oj sault

OJ Sault seemed to have the world flocking to his feet with lo-fi grunge trio Skin. But then it all went wrong. Surviving substance abuse and the band’s implosion, he’s back with ethereal one-man band Men in Makeup. “I love shocking people,” he tells Sam Lambeth. Let the mascara run…

OJ pours a glass of his namesake as he looks out over his surroundings. With each sip, he seems more refreshed, more reinvigorated. His hands remain steady and assured. “It’s utterly mad,” he begins, “that I spent three years of my life believing I only had one shot to make something of myself. That people were going to take three 16-year-olds that knew a few chords seriously.” Yes, today’s meeting is not a casual chat on the veranda – OJ is ready to pour Soult into his past, take no prisoners and, most importantly, claim his future.

When OJ first propelled onto the scene with Skin, he offered an intriguing amalgamation of some of rock’s most revered frontmen – a splash of Kurt Cobain’s off-kilter turmoil, Liam Gallagher’s gargantuan ego and J Mascis’ impregnable aloofness. Their music was a shaggy but sublime ride of rollicking riffs and jet-black brooding, with enough support to see them become a staple of the burgeoning This Feeling movement. When it all imploded, OJ felt totally adrift. “I sold my equipment to buy drugs, I spiralled out of control and didn’t see a way out of it,” he confesses. “I almost sold all of my guitars to find a brand new interest divorced from music. But I’m glad I wasn’t that impulsive. I used to see it as chasing a dream, but now that’s over I’m feeling much more positive. I’m excited to see where this new project can go.”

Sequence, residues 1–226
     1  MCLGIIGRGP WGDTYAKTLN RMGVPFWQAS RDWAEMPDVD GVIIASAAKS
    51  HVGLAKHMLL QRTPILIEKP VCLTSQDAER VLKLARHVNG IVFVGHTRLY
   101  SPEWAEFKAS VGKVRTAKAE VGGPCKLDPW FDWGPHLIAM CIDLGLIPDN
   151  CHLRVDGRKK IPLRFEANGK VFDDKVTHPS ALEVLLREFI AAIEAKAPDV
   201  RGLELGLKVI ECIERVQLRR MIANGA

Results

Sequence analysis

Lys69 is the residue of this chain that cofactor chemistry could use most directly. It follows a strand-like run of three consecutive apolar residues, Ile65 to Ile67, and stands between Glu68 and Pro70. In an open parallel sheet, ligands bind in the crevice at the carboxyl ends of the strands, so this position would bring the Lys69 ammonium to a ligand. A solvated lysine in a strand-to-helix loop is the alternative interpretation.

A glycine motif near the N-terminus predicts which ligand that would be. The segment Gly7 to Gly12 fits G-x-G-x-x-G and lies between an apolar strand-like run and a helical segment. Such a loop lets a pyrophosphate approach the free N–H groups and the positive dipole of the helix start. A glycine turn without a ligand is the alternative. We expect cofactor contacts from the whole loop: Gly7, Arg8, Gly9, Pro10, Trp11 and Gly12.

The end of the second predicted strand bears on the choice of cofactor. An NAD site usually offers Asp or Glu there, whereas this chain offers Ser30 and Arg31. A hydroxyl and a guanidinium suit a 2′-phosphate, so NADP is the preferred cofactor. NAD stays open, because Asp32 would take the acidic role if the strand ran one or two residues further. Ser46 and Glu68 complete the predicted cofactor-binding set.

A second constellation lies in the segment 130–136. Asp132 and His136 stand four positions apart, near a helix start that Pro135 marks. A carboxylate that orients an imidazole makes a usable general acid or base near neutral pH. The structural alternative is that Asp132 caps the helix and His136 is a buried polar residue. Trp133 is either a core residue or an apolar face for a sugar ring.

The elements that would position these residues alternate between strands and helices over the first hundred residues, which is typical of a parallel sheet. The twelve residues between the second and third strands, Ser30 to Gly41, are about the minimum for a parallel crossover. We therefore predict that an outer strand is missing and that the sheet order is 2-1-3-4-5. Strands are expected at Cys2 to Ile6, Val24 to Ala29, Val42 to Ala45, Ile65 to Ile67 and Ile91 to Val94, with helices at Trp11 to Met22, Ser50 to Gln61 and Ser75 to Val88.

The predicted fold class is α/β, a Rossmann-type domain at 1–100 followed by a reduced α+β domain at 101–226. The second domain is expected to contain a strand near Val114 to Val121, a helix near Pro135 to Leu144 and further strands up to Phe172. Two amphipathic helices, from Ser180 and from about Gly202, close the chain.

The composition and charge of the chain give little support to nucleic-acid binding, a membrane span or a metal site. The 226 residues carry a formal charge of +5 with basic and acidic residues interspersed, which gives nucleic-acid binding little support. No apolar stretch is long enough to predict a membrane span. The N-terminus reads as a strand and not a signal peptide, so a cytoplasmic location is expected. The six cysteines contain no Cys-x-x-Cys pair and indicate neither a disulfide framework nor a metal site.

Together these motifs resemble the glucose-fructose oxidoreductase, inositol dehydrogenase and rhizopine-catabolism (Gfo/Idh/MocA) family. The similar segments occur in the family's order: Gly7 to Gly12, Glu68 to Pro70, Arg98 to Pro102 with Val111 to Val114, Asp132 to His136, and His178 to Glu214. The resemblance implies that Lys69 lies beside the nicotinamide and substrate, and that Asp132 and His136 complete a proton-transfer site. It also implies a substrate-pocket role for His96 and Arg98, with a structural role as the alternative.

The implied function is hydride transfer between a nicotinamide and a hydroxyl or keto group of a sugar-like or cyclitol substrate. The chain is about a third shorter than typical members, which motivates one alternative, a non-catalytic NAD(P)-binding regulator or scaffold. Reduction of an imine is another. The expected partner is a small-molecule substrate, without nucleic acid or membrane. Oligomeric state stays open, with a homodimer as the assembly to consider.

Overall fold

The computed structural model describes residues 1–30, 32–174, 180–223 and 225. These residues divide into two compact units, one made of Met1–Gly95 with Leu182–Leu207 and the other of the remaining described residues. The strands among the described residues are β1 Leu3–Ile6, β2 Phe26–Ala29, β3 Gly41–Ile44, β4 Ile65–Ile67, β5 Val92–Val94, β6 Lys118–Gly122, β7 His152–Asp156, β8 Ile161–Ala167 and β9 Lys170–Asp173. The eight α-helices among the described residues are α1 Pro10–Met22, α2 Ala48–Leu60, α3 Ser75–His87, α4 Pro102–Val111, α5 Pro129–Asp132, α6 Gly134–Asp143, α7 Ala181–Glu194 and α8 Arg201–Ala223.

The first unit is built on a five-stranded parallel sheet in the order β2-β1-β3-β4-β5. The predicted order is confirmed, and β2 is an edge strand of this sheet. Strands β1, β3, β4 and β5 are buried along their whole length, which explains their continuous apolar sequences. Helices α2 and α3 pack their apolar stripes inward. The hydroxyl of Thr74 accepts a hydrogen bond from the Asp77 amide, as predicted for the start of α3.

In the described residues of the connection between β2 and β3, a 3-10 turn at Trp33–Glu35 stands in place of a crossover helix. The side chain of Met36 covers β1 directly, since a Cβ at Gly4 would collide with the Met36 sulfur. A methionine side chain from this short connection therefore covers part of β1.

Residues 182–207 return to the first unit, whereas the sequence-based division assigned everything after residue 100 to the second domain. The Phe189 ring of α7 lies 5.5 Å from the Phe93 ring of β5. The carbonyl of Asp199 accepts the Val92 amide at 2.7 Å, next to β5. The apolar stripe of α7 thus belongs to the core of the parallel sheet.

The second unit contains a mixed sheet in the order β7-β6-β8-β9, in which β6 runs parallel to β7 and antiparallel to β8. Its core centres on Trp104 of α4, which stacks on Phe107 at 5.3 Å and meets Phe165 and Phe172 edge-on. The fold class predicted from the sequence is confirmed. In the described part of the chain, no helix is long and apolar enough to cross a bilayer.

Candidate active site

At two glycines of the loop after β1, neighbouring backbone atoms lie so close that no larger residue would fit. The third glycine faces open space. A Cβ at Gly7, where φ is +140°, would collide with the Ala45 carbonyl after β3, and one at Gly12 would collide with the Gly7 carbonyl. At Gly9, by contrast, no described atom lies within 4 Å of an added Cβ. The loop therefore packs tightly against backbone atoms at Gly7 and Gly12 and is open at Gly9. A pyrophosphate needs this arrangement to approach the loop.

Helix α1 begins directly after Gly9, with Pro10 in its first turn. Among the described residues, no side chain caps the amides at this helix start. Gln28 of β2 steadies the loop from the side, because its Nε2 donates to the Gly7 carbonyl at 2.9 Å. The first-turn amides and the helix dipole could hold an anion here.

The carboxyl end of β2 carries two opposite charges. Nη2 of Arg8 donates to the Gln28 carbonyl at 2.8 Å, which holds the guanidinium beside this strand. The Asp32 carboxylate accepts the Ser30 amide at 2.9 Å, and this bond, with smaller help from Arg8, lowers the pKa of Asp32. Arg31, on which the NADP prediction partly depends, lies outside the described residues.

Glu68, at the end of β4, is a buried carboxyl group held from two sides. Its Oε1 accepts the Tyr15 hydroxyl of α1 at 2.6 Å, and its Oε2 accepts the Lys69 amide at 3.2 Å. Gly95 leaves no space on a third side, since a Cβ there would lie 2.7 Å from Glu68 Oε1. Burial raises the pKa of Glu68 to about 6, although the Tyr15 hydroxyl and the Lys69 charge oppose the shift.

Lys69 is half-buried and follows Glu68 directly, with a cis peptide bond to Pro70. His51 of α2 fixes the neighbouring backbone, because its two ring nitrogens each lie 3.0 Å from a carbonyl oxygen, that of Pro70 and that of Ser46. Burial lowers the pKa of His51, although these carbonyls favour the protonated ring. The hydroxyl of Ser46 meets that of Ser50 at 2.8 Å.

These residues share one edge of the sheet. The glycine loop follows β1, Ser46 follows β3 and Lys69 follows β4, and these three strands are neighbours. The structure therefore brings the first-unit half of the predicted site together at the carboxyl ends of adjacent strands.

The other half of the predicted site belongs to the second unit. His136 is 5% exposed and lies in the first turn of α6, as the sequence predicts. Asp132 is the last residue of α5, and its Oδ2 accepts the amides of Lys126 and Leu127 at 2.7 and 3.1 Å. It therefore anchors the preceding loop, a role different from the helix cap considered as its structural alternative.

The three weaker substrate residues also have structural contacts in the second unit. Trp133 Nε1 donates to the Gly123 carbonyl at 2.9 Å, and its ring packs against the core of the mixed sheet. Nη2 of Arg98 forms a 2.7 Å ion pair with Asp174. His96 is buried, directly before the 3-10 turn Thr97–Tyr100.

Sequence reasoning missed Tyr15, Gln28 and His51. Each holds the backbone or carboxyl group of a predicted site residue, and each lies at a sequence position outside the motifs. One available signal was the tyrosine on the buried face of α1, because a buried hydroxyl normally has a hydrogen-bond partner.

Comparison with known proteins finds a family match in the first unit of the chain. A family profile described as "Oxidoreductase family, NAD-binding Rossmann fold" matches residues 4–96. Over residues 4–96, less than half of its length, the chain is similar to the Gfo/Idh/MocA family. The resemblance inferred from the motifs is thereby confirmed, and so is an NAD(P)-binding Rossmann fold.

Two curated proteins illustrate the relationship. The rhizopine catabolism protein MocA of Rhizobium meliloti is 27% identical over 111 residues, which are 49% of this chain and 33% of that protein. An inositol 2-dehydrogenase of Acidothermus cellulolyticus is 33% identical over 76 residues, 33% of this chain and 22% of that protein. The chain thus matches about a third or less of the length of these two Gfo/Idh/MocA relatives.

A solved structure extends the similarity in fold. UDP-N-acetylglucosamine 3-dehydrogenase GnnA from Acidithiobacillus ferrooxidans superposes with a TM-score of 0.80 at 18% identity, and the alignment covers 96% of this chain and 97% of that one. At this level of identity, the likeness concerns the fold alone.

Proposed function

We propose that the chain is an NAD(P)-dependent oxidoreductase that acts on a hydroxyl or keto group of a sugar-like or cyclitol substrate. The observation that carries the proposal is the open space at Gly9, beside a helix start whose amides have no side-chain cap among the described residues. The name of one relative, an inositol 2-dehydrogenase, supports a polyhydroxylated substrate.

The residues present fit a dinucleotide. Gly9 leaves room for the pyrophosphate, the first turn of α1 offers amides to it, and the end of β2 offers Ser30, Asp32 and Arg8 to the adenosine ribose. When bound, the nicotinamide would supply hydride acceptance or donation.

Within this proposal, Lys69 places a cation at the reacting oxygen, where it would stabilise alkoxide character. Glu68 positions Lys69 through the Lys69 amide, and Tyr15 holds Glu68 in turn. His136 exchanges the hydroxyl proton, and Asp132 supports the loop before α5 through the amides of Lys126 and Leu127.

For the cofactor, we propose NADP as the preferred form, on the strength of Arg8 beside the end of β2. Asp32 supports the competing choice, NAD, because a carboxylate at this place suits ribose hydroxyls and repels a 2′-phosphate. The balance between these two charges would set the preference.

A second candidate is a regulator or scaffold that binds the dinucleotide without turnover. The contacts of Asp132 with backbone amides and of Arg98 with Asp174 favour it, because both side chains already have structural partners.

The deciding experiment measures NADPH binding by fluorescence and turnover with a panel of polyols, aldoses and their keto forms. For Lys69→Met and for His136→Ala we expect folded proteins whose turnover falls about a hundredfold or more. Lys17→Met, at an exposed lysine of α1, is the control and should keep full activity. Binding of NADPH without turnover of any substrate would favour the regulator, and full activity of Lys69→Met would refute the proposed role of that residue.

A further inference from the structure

Those familiar with Skin will be initially stunned at this latest venture. The wonderfully-titled Men in Makeup are a complete contrast, offering sparse but seductive synths, moody beats and searing howls. “I love shocking people,” OJ grins. “I didn’t think anyone would ever hear this stuff, so my lyrics became more personal and the instrumentation became more adventurous. I was no longer constrained by the logistics of live music.”

Men in Makeup’s debut single, 20/20 Perception, recalls the lo-fi loveliness and scorching baritone of The Drums, a delicate and dreamy account of OJ’s brutally honest battles with mental health. “That whole period of my life was so difficult,” he sighs. “I was struggling with substance abuse, and my coping mechanisms for depression and anxiety were unhealthy. Then suddenly I had this song. It reignited the creativity I had been lacking and came together naturally. 20/20 Perception became the catalyst for lots of new material.”

OJ is engaging company, candid, good-humoured and at home reflecting on his successes as well as his failures (he happily concedes to being a “dick…but I’m open to synonyms” during his Skin tenure). As he preps for Men in Makeup’s forthcoming debut EP, bearing the suitably ephemeral moniker The Art of Depression, he beams widely. “I’m really happy with how it’s progressing. I’ve enjoyed the secrecy of it. I’ve set a benchmark in terms of my own sense of accomplishment with 20/20 Perception and aim to better it.”

As he takes another glance at the scorching sun, he seems content and thankful. “I’ve found my passion for music again with Men in Makeup,” he says. “My mental health may get the better of me sometimes, but in my opinion, this is the strongest I have ever been. For better or worse, nobody knows what’s coming.”

Indeed they don’t, but whereas before that statement would sound like a caveat, now it sounds like unbridled hope.

Men in Makeup are on Twitter. 20/20 Perception is out now.

Sam Lambeth is a journalist, writer and musician, born in the West Midlands but currently living in London. He performs in his own band, Quinn. He is on Twitter, and more of his work can be found on his archive.

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